You filed for bankruptcy so you think your chances of getting a VA loan are gone. Luckily, that’s a myth. Even if you filed for BK, you can still get a mortgage in the future. In fact, the VA has some of the most relaxed guidelines when it comes to how long you have to wait after filing for bankruptcy.
The type of bankruptcy you filed for will determine how long you have to wait. If you filed a Chapter 7 bankruptcy, you must wait two years from the discharge date to get a VA loan. If you filed a Chapter 13 bankruptcy, you only have to wait 12 months.
Just because the VA has short waiting periods before you can get a VA loan doesn’t mean that you’ll qualify. You must be able to prove that you qualify for the loan.
Did Your Credit Improve?
Your credit score probably took quite a hit after you filed for bankruptcy. Even though the VA doesn’t have a minimum credit score requirement you must meet, your lender likely will. You should do what you can to improve your credit score as quickly as you can.
As you wait the two years (or 12 months) for a new VA loan, use the time to work on your credit. You’ll probably have to start slow. Many people apply for a secured credit card a few months after their bankruptcy discharge. The secured credit card gives you a credit line equal to your deposit. If you default, the credit card company keeps your deposit. If you keep a secured credit card in good standing for at least six months to a year it can help your credit score improve.
After you have the secured credit card for a while, you may want to apply for an unsecured credit card or personal loan. You need more positive trade lines to report on your credit report. This shows lenders that you have turned over a new leaf and that you can be financially responsible or that you’ve overcome the issue that caused the BK in the first place.
Do You Have Stable Employment?
If the reason you filed for BK is because you lost your job, you’ll need to show job stability again. Even if you didn’t lose your job, you’ll need to show that you are consistent and reliable. Lenders like to see a 2-year job history to prove your consistency. Given the fact that you have a BK in your recent past, it’s best if you can keep the long employment history.
If you do change jobs, try to get another job within the same industry. If you change industries entirely, make sure you have proof of your ability to succeed in the industry. A few common examples include going back to school or taking specific training for the new job. You just need to prove to the lender that you have what it takes to make this job work.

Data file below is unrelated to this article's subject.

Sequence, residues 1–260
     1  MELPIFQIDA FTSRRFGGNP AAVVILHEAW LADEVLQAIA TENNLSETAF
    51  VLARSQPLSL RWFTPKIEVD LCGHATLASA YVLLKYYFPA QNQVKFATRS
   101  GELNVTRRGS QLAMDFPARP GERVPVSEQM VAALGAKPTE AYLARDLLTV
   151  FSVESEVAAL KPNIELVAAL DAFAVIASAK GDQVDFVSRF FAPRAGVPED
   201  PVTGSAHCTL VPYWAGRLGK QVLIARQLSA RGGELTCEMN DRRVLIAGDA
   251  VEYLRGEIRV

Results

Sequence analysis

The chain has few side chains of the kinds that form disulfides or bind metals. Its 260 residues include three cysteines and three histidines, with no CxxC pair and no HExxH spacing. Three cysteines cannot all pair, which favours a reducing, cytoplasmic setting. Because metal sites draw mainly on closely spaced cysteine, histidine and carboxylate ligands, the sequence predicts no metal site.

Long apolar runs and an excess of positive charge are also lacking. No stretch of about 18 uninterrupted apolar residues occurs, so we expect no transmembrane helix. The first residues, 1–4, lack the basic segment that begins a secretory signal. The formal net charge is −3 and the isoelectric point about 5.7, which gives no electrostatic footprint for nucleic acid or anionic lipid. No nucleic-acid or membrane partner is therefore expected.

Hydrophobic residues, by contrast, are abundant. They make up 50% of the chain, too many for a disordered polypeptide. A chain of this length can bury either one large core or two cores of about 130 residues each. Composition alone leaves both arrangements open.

Did You File for Chapter 13 Bankruptcy?
If you filed for Chapter 13 bankruptcy, you have the added responsibility of securing your trustee’s approval. When you file Chapter 13, you have an official appointed to your account that restructures your debts and pays them for you. All that you have to do is make one payment to the trustee each month.
As a part of the program, though, the trustee must approve any new debts that you take on – you can’t just take them and assume you can pay it. The trustee will have to provide his/her approval for your VA loan should the lender decide that you are a good candidate.
Do You Have Compensating Factors?
It’s also a good idea to provide the lender with some compensating factors. The fact that you filed for BK is a big negative. You want to try to offset that negative with some positive information, such as:
- Money in reserves – Do you have money in a savings, checking, or liquid investment account? You can use this money to your advantage as it shows lenders your financial responsibility.
- Low debt ratio – Since most of your debts were likely wiped away, you should have a somewhat low debt ratio. This will show lenders that you aren’t overextended and are not a high risk of default.
- Stable employment – We discussed this above, but it can be a compensating factor too. The longer you’ve been at your job, the more stability you show a lender which can offset your risk of default.
Obtaining a VA loan after bankruptcy isn’t the hardest thing to do, but it may take some work. You have to do what you can to show lenders that you are no longer a risk of default. Just waiting the two years from the discharge date isn’t enough – you have to prove that you have gone above and beyond to repair your financial life and make it stable again.